Positive relationships: A parent's guide to... Breastfeeding
Wednesday, March 5, 2008
Reassure new mothers on the recommended way of feeding their baby with advice from Annette Rawstrone.
Why should I breastfeed my baby?
Breastmilk provides all the nutrients your baby needs for healthy growth and development for the first six months of their life. It helps to protect them from infection and diseases, such as ear infections, eczema, obesity and asthma, and can also help protect you against ovarian cancer, breast cancer and weak bones later in life.
Breastfeeding also helps you to bond with your baby, both physically and emotionally. An added benefit is that women who breastfeed return to their pre-pregnancy figure faster.
The Department of Health advises that:
- breastmilk is the best form of nutrition for infants
- exclusive breastfeeding is recommended for the first six months (26 weeks) of an infant's life
- six months is the recommended age for introducing solid foods for infants
- breastfeeding (and/or breastmilk substitutes, if used) should continue beyond the first six months, along with appropriate types and amounts of solid foods.
How can I successfully breastfeed?
- First, make sure that you're settled and comfortable, because feeds can take a long time, often up to 40 minutes.
- Hold your baby in a position that won't leave your arms and back sore - support yourself with cushions.
- Make sure your baby is properly attached to your breast so that she will have a good feed and so your breasts will not be sore.
- Try to relax - your baby can pick up on tension, which can lead to her refusing to feed.
- The more milk your baby takes, the more you will produce. Start your feed with alternate breasts but follow your baby; it's normal to just use one breast per feed..
- Buy at least two breastfeeding bras that will give you extra support, and ensure that they are properly fitted (you may want to do this once you've given birth). Carry some breast pads in case your breasts leak.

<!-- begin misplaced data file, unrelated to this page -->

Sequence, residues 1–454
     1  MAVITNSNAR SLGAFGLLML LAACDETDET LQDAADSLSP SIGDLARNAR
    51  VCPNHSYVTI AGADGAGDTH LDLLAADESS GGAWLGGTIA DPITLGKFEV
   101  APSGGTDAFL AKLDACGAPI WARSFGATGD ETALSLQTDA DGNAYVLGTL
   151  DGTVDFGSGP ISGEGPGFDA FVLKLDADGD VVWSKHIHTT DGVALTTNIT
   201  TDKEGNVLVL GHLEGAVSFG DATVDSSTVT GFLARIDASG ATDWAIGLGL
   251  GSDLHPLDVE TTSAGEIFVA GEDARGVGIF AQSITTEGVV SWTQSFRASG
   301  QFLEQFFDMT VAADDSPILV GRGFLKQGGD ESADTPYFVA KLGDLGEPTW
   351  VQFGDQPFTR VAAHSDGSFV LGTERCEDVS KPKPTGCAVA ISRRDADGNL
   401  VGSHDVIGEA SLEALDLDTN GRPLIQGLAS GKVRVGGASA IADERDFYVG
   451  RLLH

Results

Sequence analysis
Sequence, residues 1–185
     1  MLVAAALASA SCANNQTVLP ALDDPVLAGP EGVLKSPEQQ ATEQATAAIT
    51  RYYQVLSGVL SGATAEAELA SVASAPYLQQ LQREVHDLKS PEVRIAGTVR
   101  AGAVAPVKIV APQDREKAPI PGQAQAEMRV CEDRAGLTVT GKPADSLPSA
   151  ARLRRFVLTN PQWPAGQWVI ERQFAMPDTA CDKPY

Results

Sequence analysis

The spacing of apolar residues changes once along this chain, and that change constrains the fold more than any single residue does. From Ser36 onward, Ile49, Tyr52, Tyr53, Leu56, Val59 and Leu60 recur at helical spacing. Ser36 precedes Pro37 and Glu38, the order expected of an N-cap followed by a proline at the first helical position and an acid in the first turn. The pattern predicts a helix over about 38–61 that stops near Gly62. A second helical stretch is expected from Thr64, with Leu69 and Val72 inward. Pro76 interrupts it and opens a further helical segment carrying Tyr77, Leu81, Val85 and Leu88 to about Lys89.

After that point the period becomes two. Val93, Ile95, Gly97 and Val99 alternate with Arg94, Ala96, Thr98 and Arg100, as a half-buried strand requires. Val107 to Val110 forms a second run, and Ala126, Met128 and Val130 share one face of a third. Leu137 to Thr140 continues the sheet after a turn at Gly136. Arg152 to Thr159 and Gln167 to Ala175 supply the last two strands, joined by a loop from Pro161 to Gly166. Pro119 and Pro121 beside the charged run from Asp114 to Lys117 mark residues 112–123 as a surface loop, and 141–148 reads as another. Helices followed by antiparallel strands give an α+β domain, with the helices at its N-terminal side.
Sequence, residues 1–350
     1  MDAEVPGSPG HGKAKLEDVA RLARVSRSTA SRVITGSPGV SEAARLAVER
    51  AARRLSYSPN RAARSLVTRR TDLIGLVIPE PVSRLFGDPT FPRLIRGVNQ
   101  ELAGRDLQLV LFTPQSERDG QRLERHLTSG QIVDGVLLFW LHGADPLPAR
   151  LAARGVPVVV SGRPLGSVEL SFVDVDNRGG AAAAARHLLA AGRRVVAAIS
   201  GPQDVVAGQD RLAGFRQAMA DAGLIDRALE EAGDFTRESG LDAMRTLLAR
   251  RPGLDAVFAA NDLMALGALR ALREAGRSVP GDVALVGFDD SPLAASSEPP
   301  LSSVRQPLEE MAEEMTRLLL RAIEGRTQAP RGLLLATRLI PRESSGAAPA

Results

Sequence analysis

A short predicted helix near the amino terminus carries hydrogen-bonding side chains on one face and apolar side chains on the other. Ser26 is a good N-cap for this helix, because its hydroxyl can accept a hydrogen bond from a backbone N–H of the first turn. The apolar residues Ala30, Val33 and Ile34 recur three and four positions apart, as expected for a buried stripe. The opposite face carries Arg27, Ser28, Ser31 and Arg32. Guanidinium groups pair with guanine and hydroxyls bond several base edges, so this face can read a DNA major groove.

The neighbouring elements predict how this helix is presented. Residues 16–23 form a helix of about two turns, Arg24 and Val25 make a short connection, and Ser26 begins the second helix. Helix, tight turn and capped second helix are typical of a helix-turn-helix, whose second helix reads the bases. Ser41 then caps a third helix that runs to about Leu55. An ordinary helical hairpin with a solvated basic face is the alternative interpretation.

I'm worried about feeding my baby in public. What should I do?
It's understandable to feel shy about breastfeeding in front of others. Unfortunately, you can't dash home whenever your baby gets hungry, but you will soon learn how to feed discreetly. Putting a blanket or wrap over your shoulder, and wearing loose tops that can pull up from the waist and special nursing bras can all help. Some large shops and department stores have mother-and-baby rooms where you can feed in private. Another solution is to take a bottle of expressed milk out with you.
What if I struggle with breastfeeding?
Many mothers have problems, especially in the first few weeks as your milk supply adjusts and both you and your baby learn how to do it. So don't worry. Experimenting with feeding positions can often help - you can sit or lie in any way you like, as long as your baby can reach the breast comfortably.
Breastfeeding should not hurt, so seek help from your health visitor, GP or midwife if it does. You may be suffering from:
- Engorgement (overfull breasts)
- Mastitis (inflammation of the breast)
- Sore nipples.
If you continue to find breastfeeding problematic, a breastfeeding counsellor may be able to help. These are mothers experienced in breastfeeding who have received training to support other mothers. The NCT and other organisations have breastfeeding counsellors across the UK who offer a free service.
Where can I go for breastfeeding help?
Your health visitor or midwife are on hand to support you. You can also contact:
- National Breastfeeding Helpline: 0844 20 909 20
- National Childbirth Trust: 0870 444 8707, www.nct.org.uk
- La Leche League: 0845 456 1855, www.laleche.org.uk
- The Breastfeeding Network: 0844 412 4664, www.breastfeedingnetwork.org.uk.